There is no way to know for sure if you will get ovarian cancer. Most women get it without being at high risk. However, several factors may increase a woman’s risk for ovarian cancer, including if you:
- Are middle-aged or older.
- Have close family members (such as your mother, sister, aunt, or grandmother) on either your mother’s or your father’s side, who have had ovarian cancer.
- Have a genetic mutation (abnormality) called BRCA1 or BRCA2, or one associated with Lynch syndrome.
- Have had breast, uterine, or colorectal (colon) cancer.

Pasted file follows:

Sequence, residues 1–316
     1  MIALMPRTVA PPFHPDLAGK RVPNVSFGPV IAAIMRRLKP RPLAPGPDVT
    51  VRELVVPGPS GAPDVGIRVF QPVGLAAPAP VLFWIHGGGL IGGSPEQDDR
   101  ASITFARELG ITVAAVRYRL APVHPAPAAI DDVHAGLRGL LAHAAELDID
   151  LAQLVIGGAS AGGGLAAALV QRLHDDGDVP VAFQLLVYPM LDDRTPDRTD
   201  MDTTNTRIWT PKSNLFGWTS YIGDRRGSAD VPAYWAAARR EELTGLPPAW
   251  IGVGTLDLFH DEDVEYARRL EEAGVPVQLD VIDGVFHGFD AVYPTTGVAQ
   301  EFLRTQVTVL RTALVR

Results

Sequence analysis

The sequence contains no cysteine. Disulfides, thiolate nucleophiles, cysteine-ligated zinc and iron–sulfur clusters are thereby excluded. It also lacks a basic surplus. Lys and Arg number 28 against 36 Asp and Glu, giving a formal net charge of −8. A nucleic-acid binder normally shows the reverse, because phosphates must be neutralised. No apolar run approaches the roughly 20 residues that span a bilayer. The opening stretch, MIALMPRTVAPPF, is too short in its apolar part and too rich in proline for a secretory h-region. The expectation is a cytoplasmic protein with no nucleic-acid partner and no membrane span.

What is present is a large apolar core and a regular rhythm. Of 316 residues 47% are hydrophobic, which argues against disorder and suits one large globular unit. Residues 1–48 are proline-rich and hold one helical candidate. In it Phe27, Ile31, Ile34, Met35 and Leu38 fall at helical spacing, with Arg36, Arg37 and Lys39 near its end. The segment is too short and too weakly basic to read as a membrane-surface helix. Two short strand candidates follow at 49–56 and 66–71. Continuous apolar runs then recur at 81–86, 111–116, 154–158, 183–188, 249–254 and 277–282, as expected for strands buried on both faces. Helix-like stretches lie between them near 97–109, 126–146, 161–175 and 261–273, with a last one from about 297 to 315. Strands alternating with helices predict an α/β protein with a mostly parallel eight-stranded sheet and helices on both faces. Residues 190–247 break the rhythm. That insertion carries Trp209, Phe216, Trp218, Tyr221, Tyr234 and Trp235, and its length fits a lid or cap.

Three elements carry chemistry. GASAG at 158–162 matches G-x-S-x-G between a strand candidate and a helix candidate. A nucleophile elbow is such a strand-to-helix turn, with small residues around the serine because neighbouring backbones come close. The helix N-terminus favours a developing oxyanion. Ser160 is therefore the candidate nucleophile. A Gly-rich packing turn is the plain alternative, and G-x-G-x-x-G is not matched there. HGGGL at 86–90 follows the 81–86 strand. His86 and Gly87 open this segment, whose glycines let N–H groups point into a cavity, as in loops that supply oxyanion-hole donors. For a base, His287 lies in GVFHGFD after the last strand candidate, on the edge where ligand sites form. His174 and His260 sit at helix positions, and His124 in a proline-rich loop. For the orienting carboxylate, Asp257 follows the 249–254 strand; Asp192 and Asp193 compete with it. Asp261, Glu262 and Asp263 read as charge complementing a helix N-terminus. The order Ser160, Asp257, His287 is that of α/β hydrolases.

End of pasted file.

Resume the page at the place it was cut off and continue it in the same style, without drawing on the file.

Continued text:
- Have an Eastern European or Ashkenazi Jewish background.
- Have endometriosis (a condition where tissue from the lining of the uterus grows elsewhere in the body).
- Have never given birth or have had trouble getting pregnant.
In addition, some studies suggest that women who take estrogen by itself (without progesterone) for 10 or more years may have an increased risk of ovarian cancer.
If one or more of these factors is true for you, it does not mean you will get ovarian cancer. But you should speak with your doctor about your risk. If you or your family have a history of ovarian cancer, speak to your doctor about genetic counseling.
Content last updated March 8, 2021